The man seemed somewhat startled as well. But then he raised a brow and smirked, flourishing a deep bow. "It is good to see you too," he said dryly.
It took Maya several tries to say his name. Miles. Miles Edgeworth. Miles… "E-Edgew-worth? Miles E—" She lost her speech again. She couldn't believe it. After a year of absence, a year of paper correspondence and few calls, the man himself was standing before her. You came back. You…you came back! She couldn't say it out loud, but her lips were forming the words silently.
Grey eyes regarded her with wry amusement—and something else. He was no longer afraid of showing what he'd always masked beneath a frown.
"Yes," he said steadily. "I came back."
With a rush of unbelievable joy, Maya bounded to her feet and threw her arms around him. "You came back, you came back!" Edgeworth held her fiercely against him as she repeated it over and over, as if she still couldn't believe it, as if it were too good to be true. "You came back!"
Maya pulled back just enough to stare at his face with undisguised wonder. There were no words that could even begin to describe the magnitude of her happiness. "I missed you," she whispered. Her eyes were bright with unshed tears.
Edgeworth leaned down and pressed his cheek against hers. He recalled the chorus of one of the ridiculous songs she'd suggested to him…Her eyes…that's where hope lies, that's where new skies always meet the sunrise…Something from deep within him began to surge upwards like the coming of a wave. Had he been in the presence of anyone else, he would have immediately fought to suppress it. But he wasn't with just anyone. He was with her. With Maya. And her eyes…that's where I go, when I go home. Miles Edgeworth began to laugh.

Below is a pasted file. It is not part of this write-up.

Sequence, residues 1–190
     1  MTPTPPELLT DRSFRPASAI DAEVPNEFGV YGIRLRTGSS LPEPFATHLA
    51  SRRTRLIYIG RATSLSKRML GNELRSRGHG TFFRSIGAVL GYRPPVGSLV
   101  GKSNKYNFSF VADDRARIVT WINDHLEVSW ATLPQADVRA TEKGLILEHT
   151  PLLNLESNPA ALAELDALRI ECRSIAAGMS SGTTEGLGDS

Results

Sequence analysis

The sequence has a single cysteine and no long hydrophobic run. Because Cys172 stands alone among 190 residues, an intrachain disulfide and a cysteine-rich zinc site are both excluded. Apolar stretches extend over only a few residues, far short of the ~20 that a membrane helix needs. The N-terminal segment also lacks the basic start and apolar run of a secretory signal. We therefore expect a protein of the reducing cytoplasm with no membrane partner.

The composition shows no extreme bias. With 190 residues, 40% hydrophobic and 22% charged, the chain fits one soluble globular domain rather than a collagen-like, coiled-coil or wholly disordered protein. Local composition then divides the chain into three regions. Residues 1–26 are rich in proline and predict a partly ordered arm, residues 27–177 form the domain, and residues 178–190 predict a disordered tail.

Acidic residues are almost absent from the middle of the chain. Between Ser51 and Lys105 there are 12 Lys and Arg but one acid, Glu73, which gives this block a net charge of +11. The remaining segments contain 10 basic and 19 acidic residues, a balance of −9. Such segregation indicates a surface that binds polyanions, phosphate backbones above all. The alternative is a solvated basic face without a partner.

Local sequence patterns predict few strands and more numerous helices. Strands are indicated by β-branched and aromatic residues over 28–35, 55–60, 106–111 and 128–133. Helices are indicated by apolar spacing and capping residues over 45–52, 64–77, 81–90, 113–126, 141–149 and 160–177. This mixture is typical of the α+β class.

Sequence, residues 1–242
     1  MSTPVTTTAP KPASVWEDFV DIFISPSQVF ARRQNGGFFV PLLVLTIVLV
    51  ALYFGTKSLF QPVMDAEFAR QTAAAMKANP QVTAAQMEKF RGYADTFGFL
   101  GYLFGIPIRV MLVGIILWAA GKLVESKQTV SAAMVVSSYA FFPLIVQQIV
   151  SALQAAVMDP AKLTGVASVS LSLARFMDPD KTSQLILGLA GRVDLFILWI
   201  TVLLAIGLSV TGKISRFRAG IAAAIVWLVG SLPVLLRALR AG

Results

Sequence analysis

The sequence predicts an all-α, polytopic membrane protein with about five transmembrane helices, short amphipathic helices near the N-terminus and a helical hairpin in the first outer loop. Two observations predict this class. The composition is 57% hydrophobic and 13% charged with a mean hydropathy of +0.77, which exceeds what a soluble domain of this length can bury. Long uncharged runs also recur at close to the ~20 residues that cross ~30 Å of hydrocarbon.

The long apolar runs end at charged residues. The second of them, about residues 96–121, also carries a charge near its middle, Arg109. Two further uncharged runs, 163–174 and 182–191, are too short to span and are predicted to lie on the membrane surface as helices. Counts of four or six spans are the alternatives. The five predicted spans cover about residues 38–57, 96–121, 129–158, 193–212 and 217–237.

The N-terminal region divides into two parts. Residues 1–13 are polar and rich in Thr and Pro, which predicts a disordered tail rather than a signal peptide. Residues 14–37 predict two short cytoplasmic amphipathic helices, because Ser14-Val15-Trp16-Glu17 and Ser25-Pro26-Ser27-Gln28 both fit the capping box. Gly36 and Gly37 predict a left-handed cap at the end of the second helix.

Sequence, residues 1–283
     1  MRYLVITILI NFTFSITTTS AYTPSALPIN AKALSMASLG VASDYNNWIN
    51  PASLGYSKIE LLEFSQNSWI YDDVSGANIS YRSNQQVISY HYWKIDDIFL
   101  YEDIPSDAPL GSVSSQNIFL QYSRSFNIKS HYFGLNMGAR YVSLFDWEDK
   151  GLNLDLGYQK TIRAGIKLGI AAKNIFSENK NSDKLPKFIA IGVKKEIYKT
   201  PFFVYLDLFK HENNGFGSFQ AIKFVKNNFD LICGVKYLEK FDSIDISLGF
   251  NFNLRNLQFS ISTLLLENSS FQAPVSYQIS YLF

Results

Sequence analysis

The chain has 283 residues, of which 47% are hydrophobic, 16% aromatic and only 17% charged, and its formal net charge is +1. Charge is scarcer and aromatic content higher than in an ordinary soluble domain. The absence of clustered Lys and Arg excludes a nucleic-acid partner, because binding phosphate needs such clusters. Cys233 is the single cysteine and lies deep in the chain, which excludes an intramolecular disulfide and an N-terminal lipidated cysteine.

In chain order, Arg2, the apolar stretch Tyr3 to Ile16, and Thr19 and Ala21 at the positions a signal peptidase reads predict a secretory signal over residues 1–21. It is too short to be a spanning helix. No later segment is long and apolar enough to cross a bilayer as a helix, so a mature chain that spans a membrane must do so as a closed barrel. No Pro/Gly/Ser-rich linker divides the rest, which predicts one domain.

Maya felt his shoulders shaking, and then heard the joyous sound flow out into the clean air. She was astonished. Her frowning, grim-faced prosecutor was laughing. Miles Edgeworth had learned to laugh. She broke into a huge grin.
"You did it!" she cheered, squeezing him tightly.
He felt as if he would never let her go. They stood there in each other's embraces—laughing, crying, and simply being loved for who they were.
They were laughing, and everything was alright.
A/N: ...And that's all, folks. The song Edgeworth was thinking of was "Her Eyes" by Pat Monahan. It fits with the story in more ways than one, and by complete, random chance. However, not all of its lyrics match my disgustingly smushy idea of Maya and Edgeworth...therefore it is not my favorite theme song for them. Learning To Laugh was the first fiction of this scale that I ever wrote, and the first I ever posted online. As such, I'd like to express my sincere thanks to everyone who reviewed this story...I couldn't possibly tell you how much I appreciated the support. In particular, thanks to Phoenix Tilea, who has been there from chapter 1. Also, my thanks to a certain foolish fool, who convinced me to write and then stopped writing yourself! You know who you are. For additional comments about this story, please visit my profile.
I dedicate this story to everyone who has read it.